What is a Families Biggest Investment?
I pondered for a moment when I was first asked this question, eventually coming to the conclusion that buying a home would, hands down, be my family’s biggest investment. I mean, what else could possibly compete with the cost of purchasing a home? Well once I discovered what was more of an investment than purchasing a house or a car, I chuckled at myself. The answer was so blatantly obvious, but I quickly overlooked it. MY KIDS! After reading the article “Your Biggest Investment” it became so clear to me why I was so quick to overlook the obvious. When purchasing a car or home, it is all in the moment. You spend a sufficient amount of time researching and comparing prices, you see the numbers right in front of you and know right then and there how much you are going to pay. The article goes on to explain that we don’t see our children as being our biggest investment because we go years spending a little here and there. Small things such as a hair cut, new shoes, money for the movies, that slowly but surely adds up over time. Realistically, all that money you spent here and there on your child, will average out to $295,000 once they hit 17 years of age. Of course there are tax credits involved with having children (which you can figure out by using an online tax estimator), but it comes nowhere near the average cost. That is a lot of dough and really had me thinking about my future and what actions I should take if we plan to have child number three some day.
As parents, what do you think we should do to make the most out of our biggest investment? The answer is clear, teach your children about money! What better way to prepare your little ones for the world than to show them responsibility alongside money. My six year old daughter recently became curious about the cost of things and gained a new habit of pointing at something and demanding to know the cost. I was happy for her new found interest because her reactions were proof that she was understanding that the cost of living is not cheap. I brought her to a store recently to spend the money she had received from the tooth fairy, we spent a good amount of time in the isles as she hunted for a toy in her price range. It was definitely a great money lesson moment as she began to associate the nicer toys with bigger prices, therefore teaching her that she would have to work a bit harder if she would like to have a nicer toy. We continued on our shopping trip and shopped for groceries, where I would let my daughter know what the cost of everything was. Helping your children to understand the cost of things is an excellent way to give them a better understanding of money.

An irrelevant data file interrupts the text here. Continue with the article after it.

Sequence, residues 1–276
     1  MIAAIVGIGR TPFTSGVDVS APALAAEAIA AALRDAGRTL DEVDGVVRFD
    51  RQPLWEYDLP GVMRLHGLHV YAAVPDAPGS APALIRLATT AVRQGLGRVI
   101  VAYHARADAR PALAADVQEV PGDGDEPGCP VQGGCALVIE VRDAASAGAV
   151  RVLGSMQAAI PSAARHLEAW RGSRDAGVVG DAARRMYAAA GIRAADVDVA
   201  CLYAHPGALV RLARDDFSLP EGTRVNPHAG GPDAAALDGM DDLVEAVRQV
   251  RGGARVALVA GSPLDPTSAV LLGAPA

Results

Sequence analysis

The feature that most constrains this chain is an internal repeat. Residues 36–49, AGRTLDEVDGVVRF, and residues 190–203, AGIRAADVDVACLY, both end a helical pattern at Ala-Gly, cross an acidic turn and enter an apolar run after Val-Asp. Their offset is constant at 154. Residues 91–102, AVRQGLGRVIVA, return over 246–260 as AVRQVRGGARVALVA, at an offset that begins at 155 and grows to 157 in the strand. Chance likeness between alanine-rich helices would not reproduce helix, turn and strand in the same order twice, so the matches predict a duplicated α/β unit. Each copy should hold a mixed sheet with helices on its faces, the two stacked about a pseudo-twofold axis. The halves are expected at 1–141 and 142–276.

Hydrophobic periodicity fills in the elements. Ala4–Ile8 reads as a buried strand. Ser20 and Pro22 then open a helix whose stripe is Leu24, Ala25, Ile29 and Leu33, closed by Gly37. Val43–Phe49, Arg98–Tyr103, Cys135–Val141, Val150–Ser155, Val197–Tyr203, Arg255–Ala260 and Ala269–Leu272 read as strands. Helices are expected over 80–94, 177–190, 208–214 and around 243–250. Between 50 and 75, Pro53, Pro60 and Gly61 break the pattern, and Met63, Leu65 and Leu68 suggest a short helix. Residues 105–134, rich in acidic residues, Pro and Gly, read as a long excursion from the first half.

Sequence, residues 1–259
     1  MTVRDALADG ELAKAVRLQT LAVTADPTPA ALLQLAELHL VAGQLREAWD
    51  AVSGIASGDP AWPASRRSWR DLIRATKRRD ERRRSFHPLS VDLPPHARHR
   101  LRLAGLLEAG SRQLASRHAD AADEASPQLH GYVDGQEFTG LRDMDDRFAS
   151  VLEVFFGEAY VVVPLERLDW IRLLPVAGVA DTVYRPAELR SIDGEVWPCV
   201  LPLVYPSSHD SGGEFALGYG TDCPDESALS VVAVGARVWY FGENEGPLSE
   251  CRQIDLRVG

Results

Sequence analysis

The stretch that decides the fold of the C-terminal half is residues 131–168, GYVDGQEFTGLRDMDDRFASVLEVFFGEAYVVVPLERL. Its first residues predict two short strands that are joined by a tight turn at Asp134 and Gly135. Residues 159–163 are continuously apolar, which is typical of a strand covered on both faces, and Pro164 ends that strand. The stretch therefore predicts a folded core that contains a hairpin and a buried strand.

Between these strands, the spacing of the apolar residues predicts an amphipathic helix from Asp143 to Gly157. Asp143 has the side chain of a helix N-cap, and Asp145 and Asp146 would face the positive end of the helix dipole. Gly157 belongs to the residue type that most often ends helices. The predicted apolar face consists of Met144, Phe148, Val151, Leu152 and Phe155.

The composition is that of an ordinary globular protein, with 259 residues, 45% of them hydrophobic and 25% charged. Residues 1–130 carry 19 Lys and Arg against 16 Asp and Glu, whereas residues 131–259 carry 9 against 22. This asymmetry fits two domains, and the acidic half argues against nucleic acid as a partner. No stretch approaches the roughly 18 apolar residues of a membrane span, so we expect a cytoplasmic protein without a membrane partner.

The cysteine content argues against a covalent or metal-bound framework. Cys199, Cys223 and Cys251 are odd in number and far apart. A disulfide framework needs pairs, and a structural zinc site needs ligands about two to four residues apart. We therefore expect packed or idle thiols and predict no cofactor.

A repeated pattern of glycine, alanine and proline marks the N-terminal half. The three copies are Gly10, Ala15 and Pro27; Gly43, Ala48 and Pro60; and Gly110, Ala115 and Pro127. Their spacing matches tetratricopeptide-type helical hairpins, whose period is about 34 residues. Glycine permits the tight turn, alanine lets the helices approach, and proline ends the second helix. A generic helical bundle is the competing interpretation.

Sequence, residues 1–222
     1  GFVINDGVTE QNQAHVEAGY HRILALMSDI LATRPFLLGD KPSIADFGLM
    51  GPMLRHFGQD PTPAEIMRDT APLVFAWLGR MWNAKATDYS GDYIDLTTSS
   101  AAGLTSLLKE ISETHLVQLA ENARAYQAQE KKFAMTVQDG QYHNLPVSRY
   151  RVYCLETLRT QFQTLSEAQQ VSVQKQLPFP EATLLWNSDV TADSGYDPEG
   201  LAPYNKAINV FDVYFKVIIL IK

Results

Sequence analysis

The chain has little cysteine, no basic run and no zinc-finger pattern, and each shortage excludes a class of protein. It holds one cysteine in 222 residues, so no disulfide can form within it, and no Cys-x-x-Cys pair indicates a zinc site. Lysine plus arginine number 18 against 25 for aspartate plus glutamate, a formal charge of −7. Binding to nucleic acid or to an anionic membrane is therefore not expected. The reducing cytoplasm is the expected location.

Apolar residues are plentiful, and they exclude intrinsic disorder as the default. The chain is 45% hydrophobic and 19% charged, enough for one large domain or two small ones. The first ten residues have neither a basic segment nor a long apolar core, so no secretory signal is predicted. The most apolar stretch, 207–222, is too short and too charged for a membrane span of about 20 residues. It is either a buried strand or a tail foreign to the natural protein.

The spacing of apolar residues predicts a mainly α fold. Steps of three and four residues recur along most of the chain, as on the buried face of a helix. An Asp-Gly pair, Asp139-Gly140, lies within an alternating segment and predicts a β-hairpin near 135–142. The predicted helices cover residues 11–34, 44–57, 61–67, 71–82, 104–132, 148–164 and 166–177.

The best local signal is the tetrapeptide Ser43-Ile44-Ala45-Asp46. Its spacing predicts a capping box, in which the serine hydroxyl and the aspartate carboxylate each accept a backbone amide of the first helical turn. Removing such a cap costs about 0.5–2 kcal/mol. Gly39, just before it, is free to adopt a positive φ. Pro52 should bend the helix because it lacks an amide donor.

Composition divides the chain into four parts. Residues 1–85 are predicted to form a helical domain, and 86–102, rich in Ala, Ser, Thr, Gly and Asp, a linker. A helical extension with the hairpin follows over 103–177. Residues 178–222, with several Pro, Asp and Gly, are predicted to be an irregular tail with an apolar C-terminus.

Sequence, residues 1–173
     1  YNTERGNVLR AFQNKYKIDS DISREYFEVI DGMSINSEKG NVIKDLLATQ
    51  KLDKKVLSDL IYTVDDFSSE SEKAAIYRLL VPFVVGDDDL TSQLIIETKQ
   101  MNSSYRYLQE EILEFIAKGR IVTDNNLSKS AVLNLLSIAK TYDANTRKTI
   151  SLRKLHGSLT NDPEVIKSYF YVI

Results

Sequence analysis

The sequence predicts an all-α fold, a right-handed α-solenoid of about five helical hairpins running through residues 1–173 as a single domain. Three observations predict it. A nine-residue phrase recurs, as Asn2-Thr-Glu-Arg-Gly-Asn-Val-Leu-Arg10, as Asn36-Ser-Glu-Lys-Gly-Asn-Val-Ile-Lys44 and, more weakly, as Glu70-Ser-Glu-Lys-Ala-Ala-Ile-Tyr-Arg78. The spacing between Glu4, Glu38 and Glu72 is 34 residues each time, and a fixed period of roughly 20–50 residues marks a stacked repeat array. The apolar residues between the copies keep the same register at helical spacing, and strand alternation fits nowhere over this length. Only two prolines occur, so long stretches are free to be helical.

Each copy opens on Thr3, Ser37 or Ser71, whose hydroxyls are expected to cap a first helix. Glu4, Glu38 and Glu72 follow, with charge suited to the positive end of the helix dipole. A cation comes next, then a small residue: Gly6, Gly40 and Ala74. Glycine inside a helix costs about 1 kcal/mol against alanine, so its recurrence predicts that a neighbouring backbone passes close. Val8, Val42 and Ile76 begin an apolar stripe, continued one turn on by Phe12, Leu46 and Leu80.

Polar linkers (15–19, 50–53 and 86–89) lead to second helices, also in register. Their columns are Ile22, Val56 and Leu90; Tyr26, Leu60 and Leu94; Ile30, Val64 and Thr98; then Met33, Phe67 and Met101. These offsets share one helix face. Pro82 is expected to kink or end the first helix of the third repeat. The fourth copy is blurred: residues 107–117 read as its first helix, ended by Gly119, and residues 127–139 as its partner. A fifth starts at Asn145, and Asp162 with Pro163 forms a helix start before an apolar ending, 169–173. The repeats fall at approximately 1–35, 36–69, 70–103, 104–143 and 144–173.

The article also gives a few other very great tips on teaching out children about money. Including them in financial discussions at home was a favorite of mine. It is a good way for your children to see how money decisions are made and resolved in a home. Helping your children to enjoy earning money was another great idea. If they are enjoying helping around the house and earning money, they will live to higher standards. There is nothing wrong with having a chore chart and paying your children to contribute around the house, it offers great benefits and teaches them good work ethic earlier on in life. Stay in routine and guide them through repetition, they will eventually get a better understanding of earning money, spending, and saving it. This article gives parents a simple guide to help build confidence in our children so that they may grow into responsible young adults whom will be well worth the investment!